Big law firms have always been pathologically conservative in updating their policies, but has this mentality begun to affect their overall profitability? The American Lawyer recently released an article investigating whether large firms’ aging partners, who often control a majority of the client base, habitually put their self-interests above the firm’s longevity—to the point that the partners’ “short-term gains could become the institution’s long-run catastrophe.”
The New York Times released a statistic in their Dealbook stating that nearly half (46 percent) of all managing partners are between 60 and 70 years old, with only 3 percent under age 50. And, according to The American Lawyer, these partners are hoarding their clients with an “eat what they kill” mentality–which, AmLaw argues, makes the eventual succession of new partners that much more difficult.
Interestingly enough, this problem does not go unnoticed at the big law firms. A 2011 survey by Altman Weil found that 47 percent of firm leaders identified the “retirement and succession of baby boom lawyers in their firms” as their greatest concern. Yet, in Altman Weil’s 2013 survey, “only 27 percent of managing partners reported that they had a formal succession planning process.”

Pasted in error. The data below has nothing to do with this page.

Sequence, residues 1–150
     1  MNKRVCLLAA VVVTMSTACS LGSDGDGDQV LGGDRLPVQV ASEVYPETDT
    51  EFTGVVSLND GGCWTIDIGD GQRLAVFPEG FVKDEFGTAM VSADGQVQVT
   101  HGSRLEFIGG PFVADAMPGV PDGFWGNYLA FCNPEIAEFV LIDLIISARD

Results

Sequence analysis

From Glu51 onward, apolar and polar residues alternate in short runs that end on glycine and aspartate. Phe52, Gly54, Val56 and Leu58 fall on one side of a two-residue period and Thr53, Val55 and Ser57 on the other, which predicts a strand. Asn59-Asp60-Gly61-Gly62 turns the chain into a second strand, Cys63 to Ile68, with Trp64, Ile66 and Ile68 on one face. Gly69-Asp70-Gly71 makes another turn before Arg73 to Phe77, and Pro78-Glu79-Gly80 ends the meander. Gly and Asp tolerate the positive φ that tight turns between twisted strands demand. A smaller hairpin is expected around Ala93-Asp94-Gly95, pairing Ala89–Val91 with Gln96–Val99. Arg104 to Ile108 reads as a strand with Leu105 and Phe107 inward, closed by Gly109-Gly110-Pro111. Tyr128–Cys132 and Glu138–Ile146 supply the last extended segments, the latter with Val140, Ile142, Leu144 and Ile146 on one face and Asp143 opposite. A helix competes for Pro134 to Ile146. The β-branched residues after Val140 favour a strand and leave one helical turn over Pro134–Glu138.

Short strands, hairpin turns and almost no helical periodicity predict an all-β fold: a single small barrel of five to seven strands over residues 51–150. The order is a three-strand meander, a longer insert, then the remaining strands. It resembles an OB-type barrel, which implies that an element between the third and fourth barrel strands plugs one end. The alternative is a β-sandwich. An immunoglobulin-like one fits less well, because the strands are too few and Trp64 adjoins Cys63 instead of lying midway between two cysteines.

The American Lawyer concludes that aging partners should work to “encourage long-term institutional stability,” through prioritizing client service, encouraging partner cooperation, helping partners prepare for their “second acts,” and encouraging them to sacrifice some self-interest for the long-term betterment of the firm.
However, while Big Law partners should certainly concerned be about the futures of both their firms and themselves, many big law firms are already feeling the heat from their stagnated approach. In 2013, a study of over $10 billion in client fee invoices by LexisNexis/Counsel Link found that mid-sized firms (termed “large enough” firms, of 201-500 lawyers) are quickly grabbing the market share from biggest firms (those with 750+ attorneys). In fact, the study found, while big law firms saw a drop in their market share from 2010 to 2013, ‘large enough’ firms successfully grew theirs from 18 to 22 percent.
So, while the biggest firms continue to turn a blind eye to future strategy, it’s safe to conclude that their mid-sized competitors are eagerly seizing the opportunity to thrive.
An attorney planning to search for a new position should do so once he or she has gained enough working experience (between 2-5 year...